Know About Steiner Education Before Being The Part Of Herd

Early Childhood Education Programs

Tips#1: Read Together Every Day
Read to your child every day. Make this a warm and loving time when the two of you can cuddle close together. Bedtime is an especially great time for reading together.
Tips#2: Give Everything A Name
You can build comprehension skills early, even with the littlest child. Play games that involve naming or pointing to objects. Say things like, "Where's your nose?" and then, "Where's Mommy's nose?" Or touch your child's nose and say, "What's this?"

Steiner Education is new and quite a non-traditional education pedagogy. There is quite a buzz about the Steiner schools. They are good, offer quality education and are approved by international education society. The first Steiner school was opened in 1919 by Rudolf Steiner.

Steiner education emphasizes on the holistic development of the child with respect to the requirements of – physical, academic, spiritual and emotional needs fulfillment. This education advocates that children develop at different rates and that pushing a child too early is not good.

There is a lot of emphasis of building everyday practical skills such as cooking, gardening and cleaning. Steiner education is non-competitive and testing is not standard.

Are Steiner schools better than private schools?

There is a lot of difference between the Steiner and private school. We should know that this is a private school but private may or may not be Steiner. The private schools have state recognized education pattern, albeit only the traditional teaching methods are used in modern teaching facility.

Tips#3: Say How Much You Enjoy Reading Together
Tell your child how much you enjoy reading with him or her. Look forward to this time you spend together. Talk about "story time" as the favorite part of your day.
Tips#4: Be Interactive
Engage your child so he or she will actively listen to a story. Discuss what's happening, point out things on the page, and answer your child's questions. Ask questions of your own and listen to your child's responses.

Where you want your child should study? All families have different needs and perspectives – what's right for one may not be for the other. However, if you're considering these training for your children here are a few key points:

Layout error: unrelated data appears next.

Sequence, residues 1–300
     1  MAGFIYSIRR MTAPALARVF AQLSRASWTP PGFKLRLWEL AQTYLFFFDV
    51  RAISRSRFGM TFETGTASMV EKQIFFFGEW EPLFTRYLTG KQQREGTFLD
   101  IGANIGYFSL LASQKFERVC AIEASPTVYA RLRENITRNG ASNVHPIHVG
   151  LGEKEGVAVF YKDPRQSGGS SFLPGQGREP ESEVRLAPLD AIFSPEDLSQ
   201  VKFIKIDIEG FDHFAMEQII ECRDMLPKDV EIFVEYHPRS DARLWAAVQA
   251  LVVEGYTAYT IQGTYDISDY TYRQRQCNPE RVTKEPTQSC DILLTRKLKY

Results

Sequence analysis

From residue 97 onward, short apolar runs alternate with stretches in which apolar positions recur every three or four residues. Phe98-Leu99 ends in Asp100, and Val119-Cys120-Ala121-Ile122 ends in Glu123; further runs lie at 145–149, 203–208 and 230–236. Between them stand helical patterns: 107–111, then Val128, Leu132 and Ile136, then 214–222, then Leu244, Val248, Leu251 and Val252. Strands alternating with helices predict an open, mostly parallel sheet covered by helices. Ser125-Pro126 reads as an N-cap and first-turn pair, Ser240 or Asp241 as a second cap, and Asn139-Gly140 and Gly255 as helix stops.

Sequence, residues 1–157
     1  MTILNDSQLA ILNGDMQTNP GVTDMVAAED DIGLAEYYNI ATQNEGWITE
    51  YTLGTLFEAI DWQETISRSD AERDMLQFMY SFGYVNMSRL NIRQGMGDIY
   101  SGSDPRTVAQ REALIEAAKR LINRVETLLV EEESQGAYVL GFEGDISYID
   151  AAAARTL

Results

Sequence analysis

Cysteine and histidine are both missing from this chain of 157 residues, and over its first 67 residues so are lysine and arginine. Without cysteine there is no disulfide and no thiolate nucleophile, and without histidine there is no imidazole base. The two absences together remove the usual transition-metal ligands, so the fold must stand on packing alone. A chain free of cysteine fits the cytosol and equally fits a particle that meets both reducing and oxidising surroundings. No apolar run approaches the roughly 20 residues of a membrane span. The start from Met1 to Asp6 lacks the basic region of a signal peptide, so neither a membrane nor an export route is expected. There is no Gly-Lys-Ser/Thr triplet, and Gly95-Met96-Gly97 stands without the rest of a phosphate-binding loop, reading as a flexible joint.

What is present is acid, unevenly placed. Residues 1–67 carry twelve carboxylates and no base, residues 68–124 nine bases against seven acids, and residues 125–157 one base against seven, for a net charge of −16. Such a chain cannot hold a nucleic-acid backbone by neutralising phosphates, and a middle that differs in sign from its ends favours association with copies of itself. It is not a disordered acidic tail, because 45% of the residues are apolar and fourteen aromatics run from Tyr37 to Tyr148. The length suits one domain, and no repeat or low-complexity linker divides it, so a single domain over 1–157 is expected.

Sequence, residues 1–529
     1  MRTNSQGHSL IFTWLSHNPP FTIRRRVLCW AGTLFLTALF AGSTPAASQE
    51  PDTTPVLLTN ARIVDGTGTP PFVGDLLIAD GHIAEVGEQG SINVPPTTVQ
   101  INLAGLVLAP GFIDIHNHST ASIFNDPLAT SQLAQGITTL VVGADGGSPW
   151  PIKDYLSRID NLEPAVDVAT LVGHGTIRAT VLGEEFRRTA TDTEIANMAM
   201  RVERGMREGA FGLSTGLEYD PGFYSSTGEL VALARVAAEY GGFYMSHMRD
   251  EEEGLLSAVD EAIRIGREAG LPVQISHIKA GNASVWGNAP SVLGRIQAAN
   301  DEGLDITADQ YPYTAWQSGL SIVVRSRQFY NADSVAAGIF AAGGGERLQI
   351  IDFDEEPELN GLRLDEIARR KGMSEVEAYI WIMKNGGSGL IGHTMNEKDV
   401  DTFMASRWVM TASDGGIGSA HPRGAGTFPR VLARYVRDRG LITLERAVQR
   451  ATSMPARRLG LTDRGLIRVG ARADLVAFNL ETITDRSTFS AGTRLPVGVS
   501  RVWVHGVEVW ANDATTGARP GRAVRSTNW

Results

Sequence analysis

• Steiner training allows your child to learn at their own pace. There is no rush to get kids through to the next level or to pass a standardized test. Instead the emphasis is on letting your child's love of learning (an inbuilt instinct) develop naturally and at their own pace.
  • Steiner training will teach your child practical life skills and also believes that learning through play and imagination is an important part of development for children. We trained early childhood teachers provide passion to children.
  • Steiner training teaches children to respect and value each other and those around them. Many educated children are very social and able to interact with people from all backgrounds and ages. Steiner education also places a strong emphasis on social awareness for the world around us.
  • Steiner schools are socially inclusive. The schools are non-elitist and accept children from all backgrounds, faiths, and ethnicities. The emphasis is on accepting people as they are and for whom they are.

Many independent schools in Australia have started imbuing in their schools. This training is not for everyone but for many parents it's an excellent education choice. The best option for any parent interested in Steiner education is to visit their local Steiner school to learn more. You can also find a range of excellent books on the topic.

Tips#5: Read It Again And Again And Again
Your child will probably want to hear a favorite story over and over. Go ahead and read the same book for the 100th time! Research suggests that repeated readings help children develop language skills.
Tips#6: Talk About Writing, Too
Draw your child's attention to the way writing works. When looking at a book together, point out how we read from left to right and how words are separated by spaces.
Updated: January 26, 2018 — 1:35 am
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